By DR. CHRISTOPHER TOKIN
Why do we walk on two legs instead of crawling around on all fours? Why are sons so often taller than their fathers? And why are pygmies so short?
It is human to ask these questions, and the answers can sometimes be found in the smallest places.
Researchers from the University of Pennsylvania announced on Thursday that they may have discovered why pygmies are short - and the answer lies in the footprints of natural selection in the human genome.
Pygmy tribes are found all over the world and represent the largest group of mobile hunter-gatherers. Pygmies are unusual in that their average height is a meager 4 feet, 11 inches. They grow up just like other humans until they become teenagers, at which point they typically fail to undergo a normal growth spurt. Their short stature mirrors their short lifespan, with average life expectancy a mere 17 years.
These tribes have captured the interest of social scientists and biological researchers who, for years, have tried to understand why pygmies diverged from the norm. Theories on their short stature have ranged from suggestions that it was a natural adaption to their difficult lifestyle, to the notion that the thick forest kept them away from sunlight, decreasing vitamin D and leading to low calcium levels and slow bone growth.
More recently, it has been suggested that, due to their short life-span, the bodies of pygmies have evolved to shunt energy originally devoted to growth, in favor of efforts towards early reproduction.
But in the new study, published in the journal PLoS Genetics, researchers for the first time were able to apply new genetic tools to address this question - and it looks like genes could hold the answer.
The researchers not only found genes linked to pygmy height, but they also found that those same genes are implicated in reproductive hormone activation and immune system function - providing some explanation to how the trait has survived for 2,800 years.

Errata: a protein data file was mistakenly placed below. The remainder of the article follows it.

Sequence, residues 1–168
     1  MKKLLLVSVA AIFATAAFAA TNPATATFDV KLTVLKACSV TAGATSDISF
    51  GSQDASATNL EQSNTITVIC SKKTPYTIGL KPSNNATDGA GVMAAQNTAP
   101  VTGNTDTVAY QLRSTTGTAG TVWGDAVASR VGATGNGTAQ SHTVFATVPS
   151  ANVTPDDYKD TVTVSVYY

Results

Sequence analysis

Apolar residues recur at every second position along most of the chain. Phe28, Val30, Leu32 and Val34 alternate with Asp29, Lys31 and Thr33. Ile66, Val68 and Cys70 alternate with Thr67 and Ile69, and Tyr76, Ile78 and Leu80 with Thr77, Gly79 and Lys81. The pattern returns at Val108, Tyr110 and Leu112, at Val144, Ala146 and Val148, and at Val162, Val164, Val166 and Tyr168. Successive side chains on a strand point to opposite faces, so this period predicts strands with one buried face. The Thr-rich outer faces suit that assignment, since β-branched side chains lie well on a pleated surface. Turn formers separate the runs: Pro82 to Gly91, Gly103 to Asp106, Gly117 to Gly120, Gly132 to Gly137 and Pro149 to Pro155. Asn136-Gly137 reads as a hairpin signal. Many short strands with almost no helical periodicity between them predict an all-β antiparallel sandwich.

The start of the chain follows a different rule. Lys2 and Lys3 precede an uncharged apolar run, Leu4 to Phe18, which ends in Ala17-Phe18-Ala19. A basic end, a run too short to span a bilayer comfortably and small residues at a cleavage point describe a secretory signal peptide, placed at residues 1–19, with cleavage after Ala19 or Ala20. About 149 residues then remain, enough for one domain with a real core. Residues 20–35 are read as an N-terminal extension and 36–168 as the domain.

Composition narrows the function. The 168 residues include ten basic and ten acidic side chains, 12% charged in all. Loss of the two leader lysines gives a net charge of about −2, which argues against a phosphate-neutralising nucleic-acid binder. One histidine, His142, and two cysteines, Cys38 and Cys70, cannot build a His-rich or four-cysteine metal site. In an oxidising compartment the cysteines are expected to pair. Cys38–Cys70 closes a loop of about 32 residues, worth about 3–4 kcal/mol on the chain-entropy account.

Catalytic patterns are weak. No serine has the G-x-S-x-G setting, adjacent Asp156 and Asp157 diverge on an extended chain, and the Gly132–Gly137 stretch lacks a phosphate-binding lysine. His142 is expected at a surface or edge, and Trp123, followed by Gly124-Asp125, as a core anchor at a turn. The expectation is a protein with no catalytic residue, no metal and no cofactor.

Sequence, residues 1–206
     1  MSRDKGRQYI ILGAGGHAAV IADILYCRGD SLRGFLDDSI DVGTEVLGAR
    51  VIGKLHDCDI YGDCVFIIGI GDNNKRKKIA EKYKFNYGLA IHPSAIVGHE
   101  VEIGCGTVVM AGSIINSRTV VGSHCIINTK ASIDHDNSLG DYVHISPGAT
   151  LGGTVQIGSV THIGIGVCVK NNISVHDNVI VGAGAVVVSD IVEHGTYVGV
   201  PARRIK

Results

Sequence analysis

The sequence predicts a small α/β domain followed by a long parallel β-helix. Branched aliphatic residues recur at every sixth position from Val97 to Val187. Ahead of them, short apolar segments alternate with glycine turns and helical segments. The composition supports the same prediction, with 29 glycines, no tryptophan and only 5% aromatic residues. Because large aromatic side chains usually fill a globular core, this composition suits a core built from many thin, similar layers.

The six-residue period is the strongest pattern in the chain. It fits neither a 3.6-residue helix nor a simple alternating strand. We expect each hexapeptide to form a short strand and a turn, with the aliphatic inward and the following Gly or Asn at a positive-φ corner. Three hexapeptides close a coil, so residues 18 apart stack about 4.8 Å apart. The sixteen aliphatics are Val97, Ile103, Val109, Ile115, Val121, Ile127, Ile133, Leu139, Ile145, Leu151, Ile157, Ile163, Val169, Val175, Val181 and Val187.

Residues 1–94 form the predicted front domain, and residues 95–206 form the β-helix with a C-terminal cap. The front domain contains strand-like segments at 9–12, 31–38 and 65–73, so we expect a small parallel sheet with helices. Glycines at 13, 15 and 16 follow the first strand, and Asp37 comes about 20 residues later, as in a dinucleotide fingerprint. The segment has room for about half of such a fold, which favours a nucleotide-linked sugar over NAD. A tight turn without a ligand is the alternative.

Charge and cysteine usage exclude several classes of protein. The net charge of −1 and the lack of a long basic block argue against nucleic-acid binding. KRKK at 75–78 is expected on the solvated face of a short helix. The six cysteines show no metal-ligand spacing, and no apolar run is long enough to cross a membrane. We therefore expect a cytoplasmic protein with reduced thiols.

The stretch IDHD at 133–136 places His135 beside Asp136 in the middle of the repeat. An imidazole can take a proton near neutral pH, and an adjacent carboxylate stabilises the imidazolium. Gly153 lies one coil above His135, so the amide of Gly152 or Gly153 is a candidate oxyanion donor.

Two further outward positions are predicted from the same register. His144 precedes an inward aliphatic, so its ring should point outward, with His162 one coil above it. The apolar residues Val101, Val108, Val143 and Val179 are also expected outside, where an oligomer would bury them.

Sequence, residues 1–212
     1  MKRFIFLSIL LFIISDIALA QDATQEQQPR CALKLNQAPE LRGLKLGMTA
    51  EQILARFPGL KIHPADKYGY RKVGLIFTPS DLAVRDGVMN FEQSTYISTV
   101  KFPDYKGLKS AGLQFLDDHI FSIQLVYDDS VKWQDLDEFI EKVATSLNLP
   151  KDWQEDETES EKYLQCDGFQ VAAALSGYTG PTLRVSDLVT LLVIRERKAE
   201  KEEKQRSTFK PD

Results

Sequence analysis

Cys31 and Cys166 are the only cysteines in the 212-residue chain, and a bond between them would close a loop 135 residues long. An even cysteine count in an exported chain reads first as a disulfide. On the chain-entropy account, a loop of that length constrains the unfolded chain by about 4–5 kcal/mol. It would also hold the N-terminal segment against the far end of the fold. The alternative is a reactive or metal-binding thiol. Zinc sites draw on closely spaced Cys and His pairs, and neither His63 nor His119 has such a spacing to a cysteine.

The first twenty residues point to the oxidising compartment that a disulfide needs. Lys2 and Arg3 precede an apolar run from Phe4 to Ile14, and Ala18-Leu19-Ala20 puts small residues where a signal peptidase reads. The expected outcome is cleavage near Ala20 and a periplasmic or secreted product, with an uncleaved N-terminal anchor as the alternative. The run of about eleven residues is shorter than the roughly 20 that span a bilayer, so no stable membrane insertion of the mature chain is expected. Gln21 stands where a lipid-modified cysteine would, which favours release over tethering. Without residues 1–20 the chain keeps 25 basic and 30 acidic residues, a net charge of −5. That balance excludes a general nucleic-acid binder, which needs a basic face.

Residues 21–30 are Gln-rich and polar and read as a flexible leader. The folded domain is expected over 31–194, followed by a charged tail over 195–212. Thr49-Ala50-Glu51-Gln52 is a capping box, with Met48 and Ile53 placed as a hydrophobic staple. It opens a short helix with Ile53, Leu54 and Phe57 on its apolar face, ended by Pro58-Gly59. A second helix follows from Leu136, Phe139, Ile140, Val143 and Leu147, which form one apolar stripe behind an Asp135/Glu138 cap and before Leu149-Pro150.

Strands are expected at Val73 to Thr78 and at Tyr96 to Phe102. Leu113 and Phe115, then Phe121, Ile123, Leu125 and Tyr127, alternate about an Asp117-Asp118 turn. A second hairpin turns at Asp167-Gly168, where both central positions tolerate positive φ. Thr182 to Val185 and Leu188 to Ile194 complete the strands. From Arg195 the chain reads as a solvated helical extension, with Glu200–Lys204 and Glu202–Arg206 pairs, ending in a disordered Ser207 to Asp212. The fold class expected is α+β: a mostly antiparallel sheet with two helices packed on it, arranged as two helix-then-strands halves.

"The truth is we don't know where pygmies came from," said lead researcher Dr. Sarah Tishkoff, associate professor of genetics and biology and the University of Pennsylvania. "By looking at a million genetic variants across the genome, we finally have a good understanding of their ancestry."
Tishkoff notes that pygmies' genomes are a veritable toolbox that allows them to take on their challenging existence. They found that a gene associated with height was also linked to oxytocin, the hormone responsible for nipple stimulation and breast feeding in women, linking it to the theory of early reproduction and species preservation in such short-lived people.
Another gene, linked to bacterial resistance and immune function, also happened to shut down the actions of human growth hormone in the pygmies' bodies.
"Everything is intricately linked," Tishkoff said. "As evolution is tinkering with one of these systems, others are affected as well."
Tishkoff says she studies pygmy genes because she is interested in the science behind human adaption - the what, when, where and why of human origins.
And while these findings certainly help us understand why a pygmy is shorter than the average Joe, they also show us how humans have adapted to their environments over time - information that may help the rest of us adjust appropriately to our own futures.